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Attorney Fees Sought for Insured Deemed Unreasonable

November 20, 2018 | Posted in : Coverage of Fees / Duty to Defend, Fee Request

A recent Legal Intelligencer story by Steven Meyerowitz, “$55K in Fees for Insured’s Breach-of-Contract Case Against Insurer Was Not ‘Reasonable Fee’,” reports that an insured seeking no more than $20,000 in medical benefits from her auto insurer could not reasonably pay $55,000 in attorney fees, a magistrate judge in Pennsylvania has opined.

Sandra Benko sued Allstate Insurance Co. for breach of contract by filing a complaint in a Pennsylvania state court.  Allstate removed the case to the U.S. District Court for the Western District of Pennsylvania, predicating subject matter jurisdiction on diversity of citizenship.  In its notice of removal, Allstate pleaded a “good faith belief” that the amount in controversy exceeded the $75,000 limit of 28 U.S.C. 1332(a).

The court ordered Allstate to show cause as to why the case should not be remanded due to lack of federal jurisdiction.  Allstate responded that Benko’s claims for “medical bills, interest at 12 percent, costs of suit and attorney’s fees,” were sufficient to support its contention that the case had been properly removed.

The court, in an opinion by a magistrate judge, recommended that the matter be remanded to state court.  The court explained that the amount in controversy generally is decided from the face of the complaint itself.  The amount in controversy is “not measured by the low end of an open-ended claim, but rather by a reasonable reading of the value of the rights being litigated,” the court added.  It then stated that it was “clear” that the amount in controversy had to be calculated “exclusive of interests and costs” under 28 U.S.C. 1332(a).  The court added that, with respect to Benko’s medical bills, Allstate’s insurance policy limited recovery for medical expenses to $10,000.  The court observed that even if the applicable coverage were “stacked,” $20,000 fell “woefully short of the jurisdictional limit.”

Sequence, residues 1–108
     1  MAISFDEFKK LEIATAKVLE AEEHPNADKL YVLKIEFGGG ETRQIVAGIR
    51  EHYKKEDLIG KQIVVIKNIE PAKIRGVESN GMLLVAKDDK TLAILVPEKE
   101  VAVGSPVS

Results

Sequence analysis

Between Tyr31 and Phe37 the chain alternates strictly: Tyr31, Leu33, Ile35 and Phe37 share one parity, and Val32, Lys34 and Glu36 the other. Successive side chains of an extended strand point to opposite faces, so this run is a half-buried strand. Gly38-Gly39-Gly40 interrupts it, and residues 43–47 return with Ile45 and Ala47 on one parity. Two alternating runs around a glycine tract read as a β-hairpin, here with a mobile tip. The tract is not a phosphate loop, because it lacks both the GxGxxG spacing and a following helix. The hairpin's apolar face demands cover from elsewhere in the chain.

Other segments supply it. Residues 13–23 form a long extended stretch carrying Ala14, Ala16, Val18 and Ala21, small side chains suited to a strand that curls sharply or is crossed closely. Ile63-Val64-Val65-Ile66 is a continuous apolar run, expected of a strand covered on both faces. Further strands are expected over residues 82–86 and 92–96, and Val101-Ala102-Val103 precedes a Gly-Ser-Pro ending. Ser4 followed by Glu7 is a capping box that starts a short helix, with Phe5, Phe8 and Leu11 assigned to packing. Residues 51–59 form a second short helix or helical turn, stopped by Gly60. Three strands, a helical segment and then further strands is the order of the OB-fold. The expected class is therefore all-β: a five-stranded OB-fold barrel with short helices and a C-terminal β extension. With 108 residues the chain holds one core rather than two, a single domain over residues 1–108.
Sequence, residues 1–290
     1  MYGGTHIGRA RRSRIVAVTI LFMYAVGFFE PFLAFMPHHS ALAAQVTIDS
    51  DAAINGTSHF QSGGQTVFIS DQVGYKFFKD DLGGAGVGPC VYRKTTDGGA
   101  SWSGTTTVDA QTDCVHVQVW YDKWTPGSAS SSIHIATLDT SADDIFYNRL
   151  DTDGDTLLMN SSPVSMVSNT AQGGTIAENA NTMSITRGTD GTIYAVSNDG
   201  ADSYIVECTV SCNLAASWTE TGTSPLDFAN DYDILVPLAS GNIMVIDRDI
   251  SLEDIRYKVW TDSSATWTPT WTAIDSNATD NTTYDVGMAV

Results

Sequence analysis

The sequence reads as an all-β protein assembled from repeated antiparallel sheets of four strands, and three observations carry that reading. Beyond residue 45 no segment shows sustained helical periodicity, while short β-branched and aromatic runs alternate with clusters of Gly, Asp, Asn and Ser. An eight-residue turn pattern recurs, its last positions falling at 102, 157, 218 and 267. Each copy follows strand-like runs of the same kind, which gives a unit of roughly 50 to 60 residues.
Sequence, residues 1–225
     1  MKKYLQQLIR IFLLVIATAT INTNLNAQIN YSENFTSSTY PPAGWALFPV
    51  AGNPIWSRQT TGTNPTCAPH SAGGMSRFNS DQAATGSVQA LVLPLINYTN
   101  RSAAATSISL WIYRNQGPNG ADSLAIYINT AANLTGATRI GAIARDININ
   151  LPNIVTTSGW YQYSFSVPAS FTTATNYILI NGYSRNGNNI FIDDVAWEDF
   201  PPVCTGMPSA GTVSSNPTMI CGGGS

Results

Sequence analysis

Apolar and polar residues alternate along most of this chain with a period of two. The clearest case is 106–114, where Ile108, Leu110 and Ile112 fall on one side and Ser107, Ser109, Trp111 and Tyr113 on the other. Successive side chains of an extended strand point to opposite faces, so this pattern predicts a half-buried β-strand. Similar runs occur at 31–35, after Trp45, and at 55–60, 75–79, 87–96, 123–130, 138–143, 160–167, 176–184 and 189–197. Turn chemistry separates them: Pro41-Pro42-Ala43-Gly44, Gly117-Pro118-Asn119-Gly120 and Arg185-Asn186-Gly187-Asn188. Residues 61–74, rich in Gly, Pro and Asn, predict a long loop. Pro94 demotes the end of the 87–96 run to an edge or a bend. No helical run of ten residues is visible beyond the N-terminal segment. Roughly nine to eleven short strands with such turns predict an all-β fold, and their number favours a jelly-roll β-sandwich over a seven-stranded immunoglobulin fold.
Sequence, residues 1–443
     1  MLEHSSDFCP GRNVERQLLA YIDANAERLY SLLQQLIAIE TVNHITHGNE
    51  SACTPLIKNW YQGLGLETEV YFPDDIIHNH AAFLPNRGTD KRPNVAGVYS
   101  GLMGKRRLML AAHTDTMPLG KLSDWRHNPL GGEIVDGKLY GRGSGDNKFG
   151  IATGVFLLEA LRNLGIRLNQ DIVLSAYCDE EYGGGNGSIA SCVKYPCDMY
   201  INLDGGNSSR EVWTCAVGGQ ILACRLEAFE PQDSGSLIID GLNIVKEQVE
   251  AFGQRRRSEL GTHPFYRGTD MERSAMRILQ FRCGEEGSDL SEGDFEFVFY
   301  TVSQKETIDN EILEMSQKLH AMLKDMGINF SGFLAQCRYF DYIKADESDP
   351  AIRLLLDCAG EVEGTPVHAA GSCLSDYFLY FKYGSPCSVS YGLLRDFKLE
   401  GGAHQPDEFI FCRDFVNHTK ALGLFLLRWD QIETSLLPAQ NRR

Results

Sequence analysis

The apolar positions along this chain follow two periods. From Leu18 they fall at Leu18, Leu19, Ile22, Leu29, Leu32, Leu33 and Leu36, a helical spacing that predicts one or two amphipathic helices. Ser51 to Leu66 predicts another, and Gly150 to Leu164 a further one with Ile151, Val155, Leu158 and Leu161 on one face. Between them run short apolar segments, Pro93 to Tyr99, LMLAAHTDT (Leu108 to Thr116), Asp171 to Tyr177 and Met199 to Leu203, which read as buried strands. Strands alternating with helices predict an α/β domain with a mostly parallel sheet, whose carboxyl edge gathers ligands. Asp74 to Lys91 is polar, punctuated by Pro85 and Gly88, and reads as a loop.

Finally, the court considered whether the $55,000 deficiency could be made up in attorney fees.  It pointed out that, in Suber v. Chrysler, the U.S. Court of Appeals for the Third Circuit instructed that “attorney’s fees are necessarily part of the amount in controversy if such fees are available to successful plaintiffs under the statutory cause of action.”

Under Pennsylvania law, 75 Pa.C.S. 1798(b), the court continued, in the event an insurer was found to have acted with no reasonable foundation in refusing to pay motor vehicle liability insurance first-party benefits when due, “the insurer shall pay, in addition to the benefits owed and the interest thereon, a reasonable attorney fee based upon actual time expended.”

“Put simply,” the court then stated, $55,000 did “not appear to be a reasonable fee in a simple breach of contract case such as this, particularly where [Benko had] not asserted a bad faith claim.”  Concluding that Allstate had not met its burden of establishing that the applicable policy coverage plus reasonable attorney fees met or exceeded the jurisdictional requirement of $75,000, the court recommended that the case be remanded to state court.

The case is Benko v. Allstate Insurance.